WASHINGTON - The Obama administration has said that Democratic lawmakers, who staged a 24-hour sit-in (dharna) on the floor of the US House of Representatives earlier this week, were making their voices heard, while exercising their right to free speech and to expression peacefully.

"Democracy can be messy; democracy can be dramatic at times," State Department spokesman John Kirby told reporters at the daily press briefing when a journalist questioned the behaviour of elected American officials who staged a third world-like protest by sitting on the House floor to demand a vote on gun control legislation.

Asked what message the lawmakers were giving to the world by resorting to the sit-in, the spokesman said, "I’m very careful not to speak for any member of Congress, a group or individually... And as we say with respect to different issues around the world when I get up here and I talk about democratic freedoms elsewhere, we believe that freedom of expression is important, and the ability to have your voice be heard.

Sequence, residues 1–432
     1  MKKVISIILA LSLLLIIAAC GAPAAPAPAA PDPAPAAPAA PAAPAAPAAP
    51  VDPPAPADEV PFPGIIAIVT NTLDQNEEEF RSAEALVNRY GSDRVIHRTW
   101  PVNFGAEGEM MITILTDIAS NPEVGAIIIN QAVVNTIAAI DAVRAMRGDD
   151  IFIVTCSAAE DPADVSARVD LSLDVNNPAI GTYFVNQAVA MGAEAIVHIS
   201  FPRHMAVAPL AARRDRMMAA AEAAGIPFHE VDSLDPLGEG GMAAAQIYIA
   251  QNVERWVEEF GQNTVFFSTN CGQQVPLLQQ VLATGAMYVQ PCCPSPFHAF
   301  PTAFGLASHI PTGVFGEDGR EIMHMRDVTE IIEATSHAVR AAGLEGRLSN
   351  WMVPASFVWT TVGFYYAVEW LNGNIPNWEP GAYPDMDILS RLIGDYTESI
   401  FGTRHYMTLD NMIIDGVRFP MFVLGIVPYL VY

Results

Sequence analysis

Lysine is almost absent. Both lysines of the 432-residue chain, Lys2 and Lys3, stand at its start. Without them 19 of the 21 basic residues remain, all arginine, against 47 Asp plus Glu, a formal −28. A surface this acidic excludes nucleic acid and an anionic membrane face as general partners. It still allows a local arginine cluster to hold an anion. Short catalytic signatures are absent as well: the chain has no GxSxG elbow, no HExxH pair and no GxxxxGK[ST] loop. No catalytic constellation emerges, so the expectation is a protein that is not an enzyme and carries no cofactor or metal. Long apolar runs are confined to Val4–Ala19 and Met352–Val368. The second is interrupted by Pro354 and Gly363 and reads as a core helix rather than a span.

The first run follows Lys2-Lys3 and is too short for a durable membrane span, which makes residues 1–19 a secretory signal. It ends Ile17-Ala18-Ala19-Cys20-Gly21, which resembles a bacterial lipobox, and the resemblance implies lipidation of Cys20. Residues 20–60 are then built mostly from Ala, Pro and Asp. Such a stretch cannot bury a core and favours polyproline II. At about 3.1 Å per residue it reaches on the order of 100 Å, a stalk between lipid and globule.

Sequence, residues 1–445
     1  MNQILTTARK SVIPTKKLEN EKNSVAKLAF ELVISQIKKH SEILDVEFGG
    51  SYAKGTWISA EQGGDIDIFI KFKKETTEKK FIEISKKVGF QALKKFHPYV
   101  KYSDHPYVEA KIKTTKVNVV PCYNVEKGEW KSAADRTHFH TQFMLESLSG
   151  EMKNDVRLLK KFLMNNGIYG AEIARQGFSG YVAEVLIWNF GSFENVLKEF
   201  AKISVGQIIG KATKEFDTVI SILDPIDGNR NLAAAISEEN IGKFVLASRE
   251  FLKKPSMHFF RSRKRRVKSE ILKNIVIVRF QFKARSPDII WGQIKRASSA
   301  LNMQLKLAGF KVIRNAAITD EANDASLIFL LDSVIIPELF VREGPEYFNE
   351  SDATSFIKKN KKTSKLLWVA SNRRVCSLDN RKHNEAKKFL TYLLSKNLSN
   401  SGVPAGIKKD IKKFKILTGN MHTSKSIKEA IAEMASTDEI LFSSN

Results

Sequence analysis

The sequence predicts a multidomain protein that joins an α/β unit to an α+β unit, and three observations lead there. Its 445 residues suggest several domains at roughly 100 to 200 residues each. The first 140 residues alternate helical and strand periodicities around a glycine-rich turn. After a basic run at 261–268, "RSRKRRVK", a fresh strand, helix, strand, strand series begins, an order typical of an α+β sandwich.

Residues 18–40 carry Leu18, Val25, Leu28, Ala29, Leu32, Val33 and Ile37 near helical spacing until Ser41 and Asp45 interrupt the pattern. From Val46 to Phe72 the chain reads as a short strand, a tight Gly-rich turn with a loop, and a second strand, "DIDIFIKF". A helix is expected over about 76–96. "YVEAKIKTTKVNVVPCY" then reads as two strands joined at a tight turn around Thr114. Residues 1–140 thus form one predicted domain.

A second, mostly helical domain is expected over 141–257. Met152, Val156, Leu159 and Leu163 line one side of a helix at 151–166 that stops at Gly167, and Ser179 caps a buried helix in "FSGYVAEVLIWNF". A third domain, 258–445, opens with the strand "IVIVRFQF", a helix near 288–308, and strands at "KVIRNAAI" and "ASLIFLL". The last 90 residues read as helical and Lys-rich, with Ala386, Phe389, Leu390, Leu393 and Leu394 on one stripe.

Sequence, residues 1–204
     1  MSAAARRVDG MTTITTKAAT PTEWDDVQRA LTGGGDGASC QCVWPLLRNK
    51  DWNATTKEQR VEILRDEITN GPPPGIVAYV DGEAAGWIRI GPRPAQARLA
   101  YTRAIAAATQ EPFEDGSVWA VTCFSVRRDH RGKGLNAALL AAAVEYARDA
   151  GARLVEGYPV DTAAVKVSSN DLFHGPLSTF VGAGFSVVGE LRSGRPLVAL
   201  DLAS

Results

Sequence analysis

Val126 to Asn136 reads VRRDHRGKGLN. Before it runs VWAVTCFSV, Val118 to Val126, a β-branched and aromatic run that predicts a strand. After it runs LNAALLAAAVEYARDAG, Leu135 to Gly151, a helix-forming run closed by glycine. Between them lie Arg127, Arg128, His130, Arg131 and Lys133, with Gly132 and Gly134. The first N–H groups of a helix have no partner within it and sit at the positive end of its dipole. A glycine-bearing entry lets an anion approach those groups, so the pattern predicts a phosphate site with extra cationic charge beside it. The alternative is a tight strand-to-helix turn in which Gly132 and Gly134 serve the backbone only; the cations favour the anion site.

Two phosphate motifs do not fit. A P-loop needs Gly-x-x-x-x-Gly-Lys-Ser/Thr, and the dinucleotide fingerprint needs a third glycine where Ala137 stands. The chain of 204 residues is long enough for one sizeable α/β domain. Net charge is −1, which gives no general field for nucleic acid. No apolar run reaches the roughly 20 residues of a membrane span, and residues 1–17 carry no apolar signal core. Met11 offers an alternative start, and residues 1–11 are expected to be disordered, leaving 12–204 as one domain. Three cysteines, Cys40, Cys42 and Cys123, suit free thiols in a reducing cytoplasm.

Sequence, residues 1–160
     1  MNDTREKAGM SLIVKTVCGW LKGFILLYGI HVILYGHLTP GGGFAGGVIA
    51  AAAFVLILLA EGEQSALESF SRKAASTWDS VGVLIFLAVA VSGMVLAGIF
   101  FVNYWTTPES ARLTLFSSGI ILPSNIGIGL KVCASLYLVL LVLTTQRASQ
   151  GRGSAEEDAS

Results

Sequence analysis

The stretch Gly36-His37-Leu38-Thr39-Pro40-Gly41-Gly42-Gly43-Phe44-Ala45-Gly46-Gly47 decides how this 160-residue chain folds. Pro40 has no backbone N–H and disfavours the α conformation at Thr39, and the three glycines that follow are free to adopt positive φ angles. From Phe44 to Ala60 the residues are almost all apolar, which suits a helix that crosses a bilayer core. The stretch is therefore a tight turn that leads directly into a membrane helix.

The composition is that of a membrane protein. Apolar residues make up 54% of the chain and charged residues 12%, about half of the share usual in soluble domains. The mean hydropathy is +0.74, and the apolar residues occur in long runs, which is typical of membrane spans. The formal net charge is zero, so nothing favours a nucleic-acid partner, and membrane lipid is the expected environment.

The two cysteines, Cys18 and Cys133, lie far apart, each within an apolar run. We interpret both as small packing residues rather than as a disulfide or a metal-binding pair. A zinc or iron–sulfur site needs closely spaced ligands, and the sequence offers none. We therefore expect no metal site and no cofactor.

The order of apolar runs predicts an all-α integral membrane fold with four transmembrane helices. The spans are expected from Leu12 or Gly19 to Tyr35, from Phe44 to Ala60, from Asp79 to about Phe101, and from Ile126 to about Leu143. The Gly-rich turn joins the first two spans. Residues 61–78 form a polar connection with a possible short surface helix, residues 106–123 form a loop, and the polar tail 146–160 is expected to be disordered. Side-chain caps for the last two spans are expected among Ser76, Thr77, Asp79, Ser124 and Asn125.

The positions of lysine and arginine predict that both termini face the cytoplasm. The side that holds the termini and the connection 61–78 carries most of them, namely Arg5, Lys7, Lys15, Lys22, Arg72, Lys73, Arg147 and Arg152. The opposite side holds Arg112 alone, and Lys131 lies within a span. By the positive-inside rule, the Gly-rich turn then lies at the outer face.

"I would hope that however you come down on the issues in terms of domestic gun laws, that one clear message of what’s been going on in Congress is that we are a democracy and that we’re not afraid to make our voices heard one way or the other, and we think that’s important. And we think that to be able to do that in a peaceful way, to be able to do that in a transparent way is important.

"When I stand up here and I talk about some places around the world where you can’t do that, that’s why. And so, again, however you come down on the issue, it’s clear that in the halls of our Congress, that they are exercising their right to free speech and to expression."The sit-in, which began on Wednesday, was ended on Thursday as Congress was recessed till July 5.

Congressman John Lewis, who launched the sit-in, said the fight was not over. "We must come back here on July 5th [when Congress returns to session] more determined than ever before," Lewis said.

Roughly 40 House lawmakers demanded a vote on measures to expand background checks and block gun purchases by some suspected terrorists in the aftermath of last week's massacre in Orlando, Florida, that killed 49 people. It was the worst shooting in modern history.